Much as with the Star Trek TV series, the first BladeRunner was not immediately appreciated. Sometimes, society does not immediately recognize itself in the mirror that Art holds up to it. The fact that as time went on, both efforts became epic and sacred for TV and film implies that they had tried to share a vital human experience that we didn’t recognize yet. But after another decade and the emergence of the Digital Age, it grew clear that within a generation we would be presented with choices and changes to our existence that would redefine what it meant to be human.
Then, when these prescient films held up the mirror a second time, we recognized ourselves.
The first thing to say about the sequel to what has been for years my favorite film is that it, too, is an Art film: for me this means that the movie isn’t over just because the credits are rolling: violence and sexuality are only necessary props or plot points, it provokes thought—and perhaps action.
While the first BladeRunner examined the conflicts that came with advanced robotics and AI—and even more acutely the evolution of “AE” (Artificial Emotion) and self-awareness, BladeRunner 2049 considers an even deeper integration of the digital into the organic in term of both flesh and ontology.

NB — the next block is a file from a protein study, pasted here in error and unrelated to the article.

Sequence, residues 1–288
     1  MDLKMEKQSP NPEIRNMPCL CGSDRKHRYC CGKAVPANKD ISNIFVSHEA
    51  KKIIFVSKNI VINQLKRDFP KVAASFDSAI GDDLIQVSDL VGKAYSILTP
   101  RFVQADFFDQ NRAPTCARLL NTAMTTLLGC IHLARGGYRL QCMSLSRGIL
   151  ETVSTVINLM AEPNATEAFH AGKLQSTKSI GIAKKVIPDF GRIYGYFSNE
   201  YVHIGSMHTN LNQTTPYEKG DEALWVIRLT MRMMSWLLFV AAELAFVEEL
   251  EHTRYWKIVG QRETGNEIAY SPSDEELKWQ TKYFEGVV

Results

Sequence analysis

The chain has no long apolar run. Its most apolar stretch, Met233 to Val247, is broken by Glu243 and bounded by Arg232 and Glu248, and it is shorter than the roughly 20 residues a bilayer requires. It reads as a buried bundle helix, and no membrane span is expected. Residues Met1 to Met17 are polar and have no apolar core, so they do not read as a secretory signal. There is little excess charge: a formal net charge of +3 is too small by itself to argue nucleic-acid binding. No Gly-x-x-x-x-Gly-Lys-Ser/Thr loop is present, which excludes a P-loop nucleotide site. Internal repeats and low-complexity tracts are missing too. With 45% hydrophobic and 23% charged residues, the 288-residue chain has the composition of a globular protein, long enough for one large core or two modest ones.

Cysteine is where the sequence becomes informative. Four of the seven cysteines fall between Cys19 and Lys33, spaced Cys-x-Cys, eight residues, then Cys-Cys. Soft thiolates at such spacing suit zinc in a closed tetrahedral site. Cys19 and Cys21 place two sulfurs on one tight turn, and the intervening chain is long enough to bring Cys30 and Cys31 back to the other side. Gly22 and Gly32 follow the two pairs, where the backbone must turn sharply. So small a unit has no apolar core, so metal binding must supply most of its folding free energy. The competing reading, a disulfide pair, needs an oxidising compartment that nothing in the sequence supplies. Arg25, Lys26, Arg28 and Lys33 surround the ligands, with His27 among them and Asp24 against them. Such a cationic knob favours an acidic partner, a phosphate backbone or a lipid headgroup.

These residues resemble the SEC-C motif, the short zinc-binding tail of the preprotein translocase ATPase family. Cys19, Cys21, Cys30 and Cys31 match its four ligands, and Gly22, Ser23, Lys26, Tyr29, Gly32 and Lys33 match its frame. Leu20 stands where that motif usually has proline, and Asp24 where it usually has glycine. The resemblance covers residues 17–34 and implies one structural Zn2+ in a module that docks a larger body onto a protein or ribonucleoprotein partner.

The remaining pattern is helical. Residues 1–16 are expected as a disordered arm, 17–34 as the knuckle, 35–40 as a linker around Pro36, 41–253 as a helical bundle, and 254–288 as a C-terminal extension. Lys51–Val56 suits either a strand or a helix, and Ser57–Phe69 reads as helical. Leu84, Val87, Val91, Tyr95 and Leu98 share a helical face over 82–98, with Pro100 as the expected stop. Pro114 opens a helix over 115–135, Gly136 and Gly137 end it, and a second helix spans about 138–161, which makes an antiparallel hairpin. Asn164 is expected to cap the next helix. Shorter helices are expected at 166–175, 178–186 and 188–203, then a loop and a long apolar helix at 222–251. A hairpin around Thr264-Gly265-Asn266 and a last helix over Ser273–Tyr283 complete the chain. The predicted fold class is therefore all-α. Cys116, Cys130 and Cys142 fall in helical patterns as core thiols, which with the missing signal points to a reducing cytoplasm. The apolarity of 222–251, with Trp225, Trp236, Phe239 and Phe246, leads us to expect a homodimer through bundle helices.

The themes, the tone, and pace of the movie are loyal to the original: the future is stark and less hopeful, Vangelis creates the eerie score, and the characters are constantly making trade-offs between belonging and surviving (sound familiar?). But the quality of Art is measured only how well it shows us ourselves – not how it accomplishes this. In the same way that we stumble around in dark nights or dark rooms, BladeRunner 2049 projects a future that need not be interpreted as terribly dim, but in this early days of AI merely very dimly lit. It offers us samples of the demons we might bump into as we squint and grope for the safe path into the next human phase of experience, one that threatens to remake or even unmake us.
The cast and acting are excellent, and the shots are carefully framed–as it was with the original. The music was over-loud where I watched it, and it affected my ability to hear the dialogue. It might have been a local error.
There remain questions, but that’s part of the template, too. It is a film that like its predecessor must be seen again and again. They made room to extend the story into a world where the subordinate beings will challenge the dominant ones. It’s an old human story of course; the subordinate beings eventually win. But this time, as the next film’s vision will no doubt insist, the conflict could play out more like Frankenstein’s Monster where the creation destroys the creator.
Bladerunner 2049 is not epic or classic yet, but it’s early. We do not yet have to decide if it’s a sin to kill a robot.